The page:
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Public Statements

Affordable Care Act

Floor Speech

By:
Date:
Location: Washington, DC

Mr. President, we have come a long way in 1 year.

On December 24, 2009--1 day before Christmas--this body passed a radical overhaul of our Nation's health care system. That is right. The majority passed ObamaCare on Christmas Eve.

It was not this body's finest moment. It was not the administration's finest moment. And I expect that this debate will go down in history for its persistent lack of attention to the considered views of ordinary Americans--Americans who rejected ObamaCare's giant new entitlement expansions and the job-killing taxes haphazardly cobbled together to pay for them.

It did not have to be this way. In the midst of the greatest fiscal collapse since the Great Depression, Americans wanted Democrats, who controlled all of the levers of power in Washington, to focus on job creation. Instead, like teenagers set loose when mom and dad leave town, they did what they wanted to, and focused on a government takeover of the Nation's health care system.

Surprising only the most ideologically driven, support for ObamaCare cratered during the townhall meetings of August 2009. The message was loud and clear. Our health care system, and in particular the government policies that contribute to unsustainable inflation in the health care sector, might be in need of reform. But the solution to our problems is not additional government regulation and control of health care delivery by Washington bureaucrats. And the solution is most definitely not to be found in the billions of dollars in new taxes, most of which will be passed through to American families in the form of higher premiums.

For those who did not deliberately put on blinders, the wishes of their constituents were obvious.

Stop the push for ObamaCare and move onto fixing the economy.

But the Senate did not listen.

Instead, prodded ahead by an administration that saw the great liberal dream of government-run health care slipping, the long march continued.

First, the Democratic majority cut short the Finance Committee's bipartisan negotiations.

Then, heads down, the majority plowed forward on the floor, allowing virtually no meaningful amendments.

And before going home for Christmas, it passed the most sweeping reform of the Nation's economy in over 70 years without a single Republican vote.

Every Democratic senator supported the bill.

Not one Republican did.

When ObamaCare passed the Senate, its proponents assumed it was on the glidepath to enactment. But the American people had a different idea.

Our national unemployment rate was 10.2 percent--the highest in 26 years.

The American people understood that at a moment of historic economic challenges, the last thing the country needed was another budget-busting entitlement and sky-high taxes.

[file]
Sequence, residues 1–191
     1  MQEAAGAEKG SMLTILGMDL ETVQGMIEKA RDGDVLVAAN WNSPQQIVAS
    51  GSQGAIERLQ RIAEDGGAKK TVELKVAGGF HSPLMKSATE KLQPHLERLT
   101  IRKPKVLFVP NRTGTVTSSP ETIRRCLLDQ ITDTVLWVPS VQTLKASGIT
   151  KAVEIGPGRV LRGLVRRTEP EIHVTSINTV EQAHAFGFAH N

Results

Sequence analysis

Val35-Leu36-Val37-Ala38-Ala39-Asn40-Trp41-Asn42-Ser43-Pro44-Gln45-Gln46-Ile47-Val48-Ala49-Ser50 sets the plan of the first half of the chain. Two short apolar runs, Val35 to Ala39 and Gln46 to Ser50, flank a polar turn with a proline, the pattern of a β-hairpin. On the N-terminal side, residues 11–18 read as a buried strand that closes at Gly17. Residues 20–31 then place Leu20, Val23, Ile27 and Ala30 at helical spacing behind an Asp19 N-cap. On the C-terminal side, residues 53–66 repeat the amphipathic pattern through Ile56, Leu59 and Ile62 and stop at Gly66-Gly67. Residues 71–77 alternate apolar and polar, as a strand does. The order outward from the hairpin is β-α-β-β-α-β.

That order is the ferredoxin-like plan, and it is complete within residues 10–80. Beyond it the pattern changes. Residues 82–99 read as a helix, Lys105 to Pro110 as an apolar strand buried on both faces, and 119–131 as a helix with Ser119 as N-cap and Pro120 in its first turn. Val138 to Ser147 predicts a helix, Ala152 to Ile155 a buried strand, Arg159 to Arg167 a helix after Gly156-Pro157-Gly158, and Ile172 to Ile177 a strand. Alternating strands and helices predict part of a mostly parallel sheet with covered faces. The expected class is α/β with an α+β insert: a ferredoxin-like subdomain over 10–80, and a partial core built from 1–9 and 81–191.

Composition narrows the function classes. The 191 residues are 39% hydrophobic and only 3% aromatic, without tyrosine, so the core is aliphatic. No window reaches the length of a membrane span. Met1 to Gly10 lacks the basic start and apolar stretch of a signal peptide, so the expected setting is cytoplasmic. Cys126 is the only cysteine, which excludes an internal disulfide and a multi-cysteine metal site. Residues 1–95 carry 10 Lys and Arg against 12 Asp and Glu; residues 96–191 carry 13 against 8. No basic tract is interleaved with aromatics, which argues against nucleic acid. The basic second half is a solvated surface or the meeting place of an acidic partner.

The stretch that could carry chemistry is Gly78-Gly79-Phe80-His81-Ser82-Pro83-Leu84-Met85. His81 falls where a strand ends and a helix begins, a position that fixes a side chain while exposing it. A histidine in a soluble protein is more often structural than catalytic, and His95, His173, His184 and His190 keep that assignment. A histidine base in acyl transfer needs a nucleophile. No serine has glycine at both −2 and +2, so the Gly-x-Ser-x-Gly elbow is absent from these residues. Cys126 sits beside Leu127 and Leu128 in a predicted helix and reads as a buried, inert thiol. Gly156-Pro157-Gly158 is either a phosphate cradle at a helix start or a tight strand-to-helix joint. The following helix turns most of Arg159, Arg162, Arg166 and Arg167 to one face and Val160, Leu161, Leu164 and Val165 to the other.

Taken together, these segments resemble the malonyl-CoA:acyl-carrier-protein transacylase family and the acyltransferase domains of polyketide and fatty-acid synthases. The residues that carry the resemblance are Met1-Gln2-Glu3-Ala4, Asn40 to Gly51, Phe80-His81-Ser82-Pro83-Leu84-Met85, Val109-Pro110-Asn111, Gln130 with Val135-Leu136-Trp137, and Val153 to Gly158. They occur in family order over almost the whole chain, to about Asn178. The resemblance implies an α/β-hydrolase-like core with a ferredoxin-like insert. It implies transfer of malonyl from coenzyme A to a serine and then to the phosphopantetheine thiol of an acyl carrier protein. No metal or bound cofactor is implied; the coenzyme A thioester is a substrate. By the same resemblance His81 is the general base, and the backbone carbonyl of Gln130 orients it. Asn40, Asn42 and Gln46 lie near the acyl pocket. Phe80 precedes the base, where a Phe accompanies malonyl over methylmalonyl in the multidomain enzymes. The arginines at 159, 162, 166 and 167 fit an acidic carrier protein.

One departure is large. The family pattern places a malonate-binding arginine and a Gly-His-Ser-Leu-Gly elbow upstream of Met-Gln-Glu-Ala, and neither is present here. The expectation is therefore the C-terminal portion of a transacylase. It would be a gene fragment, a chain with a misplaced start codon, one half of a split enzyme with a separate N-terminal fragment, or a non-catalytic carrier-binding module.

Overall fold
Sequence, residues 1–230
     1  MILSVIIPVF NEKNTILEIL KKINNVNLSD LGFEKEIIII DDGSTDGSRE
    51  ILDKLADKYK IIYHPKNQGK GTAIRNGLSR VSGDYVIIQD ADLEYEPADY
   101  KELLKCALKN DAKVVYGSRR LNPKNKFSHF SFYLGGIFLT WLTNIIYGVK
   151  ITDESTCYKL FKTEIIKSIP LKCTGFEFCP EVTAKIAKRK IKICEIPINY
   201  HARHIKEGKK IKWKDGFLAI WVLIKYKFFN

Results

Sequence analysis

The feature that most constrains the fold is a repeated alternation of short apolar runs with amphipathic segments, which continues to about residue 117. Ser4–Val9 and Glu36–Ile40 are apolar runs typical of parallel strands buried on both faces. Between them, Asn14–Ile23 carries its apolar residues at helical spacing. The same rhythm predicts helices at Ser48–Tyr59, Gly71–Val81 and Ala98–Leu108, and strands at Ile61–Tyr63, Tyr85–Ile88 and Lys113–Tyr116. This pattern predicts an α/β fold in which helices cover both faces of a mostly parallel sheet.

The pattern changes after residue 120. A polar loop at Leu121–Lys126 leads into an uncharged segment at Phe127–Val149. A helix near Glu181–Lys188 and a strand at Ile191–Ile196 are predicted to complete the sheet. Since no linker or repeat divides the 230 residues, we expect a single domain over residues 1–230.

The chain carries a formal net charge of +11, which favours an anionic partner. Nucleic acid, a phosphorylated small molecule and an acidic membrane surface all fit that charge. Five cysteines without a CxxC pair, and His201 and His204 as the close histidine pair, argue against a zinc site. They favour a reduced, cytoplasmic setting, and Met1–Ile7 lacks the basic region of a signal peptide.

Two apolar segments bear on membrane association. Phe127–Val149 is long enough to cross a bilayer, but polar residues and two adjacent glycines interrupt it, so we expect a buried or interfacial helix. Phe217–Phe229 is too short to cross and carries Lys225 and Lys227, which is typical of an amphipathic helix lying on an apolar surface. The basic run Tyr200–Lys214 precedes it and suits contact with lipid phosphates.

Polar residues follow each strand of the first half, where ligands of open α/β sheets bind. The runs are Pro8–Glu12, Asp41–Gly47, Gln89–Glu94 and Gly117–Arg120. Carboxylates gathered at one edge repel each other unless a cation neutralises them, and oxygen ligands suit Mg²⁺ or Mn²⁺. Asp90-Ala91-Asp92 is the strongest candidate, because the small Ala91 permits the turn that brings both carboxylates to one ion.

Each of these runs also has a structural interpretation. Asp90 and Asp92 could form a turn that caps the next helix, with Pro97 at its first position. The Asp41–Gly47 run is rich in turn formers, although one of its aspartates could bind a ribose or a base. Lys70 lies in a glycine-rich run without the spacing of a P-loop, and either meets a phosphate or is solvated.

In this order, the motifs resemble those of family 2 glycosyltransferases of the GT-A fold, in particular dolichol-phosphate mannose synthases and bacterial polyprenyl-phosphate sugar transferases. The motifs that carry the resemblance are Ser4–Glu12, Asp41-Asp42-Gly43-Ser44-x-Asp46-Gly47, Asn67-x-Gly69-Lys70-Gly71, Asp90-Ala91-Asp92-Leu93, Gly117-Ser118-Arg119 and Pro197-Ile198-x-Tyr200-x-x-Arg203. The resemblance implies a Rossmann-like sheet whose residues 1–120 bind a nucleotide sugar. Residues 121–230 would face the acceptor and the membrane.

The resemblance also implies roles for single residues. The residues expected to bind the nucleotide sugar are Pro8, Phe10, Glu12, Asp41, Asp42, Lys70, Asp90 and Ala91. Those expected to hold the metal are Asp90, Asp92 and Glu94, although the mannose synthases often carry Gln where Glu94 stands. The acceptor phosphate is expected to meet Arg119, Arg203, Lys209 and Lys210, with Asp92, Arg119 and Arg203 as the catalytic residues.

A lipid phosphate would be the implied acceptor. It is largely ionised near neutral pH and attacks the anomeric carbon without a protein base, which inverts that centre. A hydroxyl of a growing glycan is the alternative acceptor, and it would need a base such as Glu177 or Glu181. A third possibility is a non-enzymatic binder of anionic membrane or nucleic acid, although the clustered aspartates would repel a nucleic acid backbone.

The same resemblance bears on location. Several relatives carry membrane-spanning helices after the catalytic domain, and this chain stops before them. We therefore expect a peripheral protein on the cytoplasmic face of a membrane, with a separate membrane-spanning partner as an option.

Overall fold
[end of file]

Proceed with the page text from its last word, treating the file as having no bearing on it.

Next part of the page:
And just about 1 month later, this message was delivered again. In a new shot heard across the world, our colleague, the junior Senator from Massachusetts, SCOTT BROWN, was elected in a very clear referendum on the Democrats' health care bill.

The verdict of the American people, if the previous summer's townhalls left any doubt, was now crystal clear.

The push for ObamaCare must end.

Yet, the administration refused to yield.

They thought the people would eventually come to embrace the elegance of ObamaCare. If only the messaging was better, Americans would appreciate all of the good things that Washington politicians and bureaucrats had to offer them.

So after taking time to regroup and weigh their options, Democrats decided to defy the American people yet again.

A little over a year ago, the President hosted a summit at the White House and began his final push for his federalizing of American health care.

The resulting display was ugly. Americans, already revolted by the deals cut in this Chamber to secure the bare number of votes needed to pass the bill, now witnessed historic arm twisting and desperate efforts in the House to deny the obvious--that ObamaCare represented an unprecedented intrusion of the Federal government into the lives of citizens and clearly was a massive burden on taxpayers.

And so it passed.

And ObamaCare became law.

And the administration set about writing the thousands of pages of regulations that would govern how American businesses provide health benefits to their employees.

Fast forward to November of 2010.

The American people did not forget their snubbing by self-proclaimed progressive Democrats who in fact ignored the will of the people at every opportunity during the ObamaCare debate.